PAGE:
ABC | 28 February 2019
Australia to sign free trade agreement with Indonesia, ending months of uncertainty
By Andrew Probyn
Australia and Indonesia will sign a free trade agreement next Monday, ending months of uncertainty.
The ABC understands Trade Minister Simon Birmingham will fly to Jakarta with a business delegation on Sunday ahead of the signing the following day, with his counterpart Enggartiasto Lukita.
The landmark free trade agreement (FTA) was cemented during Scott Morrison’s first international trip as Prime Minister in September — and it was set to be signed before the end of the year.
The deal hit a wall in October, when Indonesia considered putting the imminent agreement on hold over Mr Morrison’s statement he would consider moving the Australian embassy in Israel to Jerusalem.
Indonesia is a strong supporter of the Palestinian territories and repeatedly expressed its concerns with the embassy proposal.
The heated debate about Mr Morrison’s captain’s call to shift the Australian embassy threatened the FTA. Australia’s Ambassador to Indonesia Gary Quinlan was forced to redouble efforts to assure Indonesian doubters.
Heightening tensions was that President Joko Widodo’s main political rival Prabowo Subianto had been stridently critical of Mr Morrison’s call on Jerusalem.
It was thought only weeks ago that the FTA signing might have to be pushed back until after the Indonesian presidential election on April 17.
Industry leaders react
Australian Industry Group chief executive Innes Willox, who will be among those travelling with Mr Birmingham, said the deal showed maturity in "a relationship that has had its ups and downs".
"We have the world’s longest maritime boundary with Indonesia and very deep relationships around security issues, terrorism issues, but our economic relationship is really undercooked," he said.
The deal could open up new opportunities in areas such as technology and education, Mr Wilcox said.
"Our economic relationship until now has really been based around agriculture," he said.
"But this free trade agreement gives us potential to broaden it and to make it much deeper into services, deeper into manufacturing.
"And there are components there about skill sharing.
"Skill sharing as our economy changes shape and we become more focused on technology is going to be very important to both countries and will tie us closer together as we look forward."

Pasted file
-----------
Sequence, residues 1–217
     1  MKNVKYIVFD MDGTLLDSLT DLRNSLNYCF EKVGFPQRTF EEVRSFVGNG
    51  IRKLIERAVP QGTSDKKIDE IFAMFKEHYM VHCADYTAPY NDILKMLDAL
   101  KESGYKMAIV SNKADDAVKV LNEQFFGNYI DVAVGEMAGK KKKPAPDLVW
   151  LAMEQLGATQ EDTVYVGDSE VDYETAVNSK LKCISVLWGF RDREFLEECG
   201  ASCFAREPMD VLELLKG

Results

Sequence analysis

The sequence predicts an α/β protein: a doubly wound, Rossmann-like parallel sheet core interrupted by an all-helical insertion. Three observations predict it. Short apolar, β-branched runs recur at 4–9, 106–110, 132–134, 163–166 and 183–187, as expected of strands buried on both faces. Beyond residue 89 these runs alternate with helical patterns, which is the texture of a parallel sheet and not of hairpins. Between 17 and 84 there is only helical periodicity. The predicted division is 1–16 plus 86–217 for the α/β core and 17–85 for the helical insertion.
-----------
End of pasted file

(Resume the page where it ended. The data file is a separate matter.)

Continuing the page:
Northern Territory Cattlemen’s Association CEO Ashley Manicaros told AM the development was an "excellent result".
"It’s going to increase the value of the trade between the two countries and it’s going to increase the value to the farmer at the farm gate … it means greater returns which means greater investment back into the industry," Mr Manicaros said.
"The fact that behind the scenes they’ve been able to work through a resolution and the fact they’ll be signing well ahead of that is a very big positive from the industry’s point of view."
AUSVEG national manager Michael Coote said the agreement could see Australia’s major carrot and potato growers back on Indonesian shelves "almost immediately".
"The industry really supports any sort of trade liberalisation," Mr Coote said.
"Indonesia is a major trading partner close to our shores, so there are benefits in terms of reduced freight times.
"Having access back into this market that is so close, has such a large population and does have an appetite for Australian produce is a real boom for the vegetable industry."
Deal faced ups and downs over decade
The trade deal has been eight years in the making and should benefit Australian grain growers, with Indonesia agreeing to import 500,000 tonnes of grain tariff free.
Mr Morrison said in August negotiators had also secured lower tariffs, or greater access on live cattle, dairy and horticulture.
The agreement should also benefit the Australian education sector, with universities and vocational training providers being given the green light to set up shop in Indonesia.
Indonesia wants greater access for Indonesians to work in Australia as well as support for its crude palm oil industry.
The signing is being kept deliberately low-key, given the proximity of the Indonesian election.
Consequently, the decision has been made to keep the signing at trade minister-level, rather than involve the leaders.
Mr Birmingham and Foreign Minister Marise Payne stepped up their efforts to secure the FTA in recent months, in the wake of Malcolm Turnbull’s ousting as prime minister.
Mr Turnbull had formed a strong relationship with Mr Widodo and his exit from Australian politics was thought to have imperilled the deal.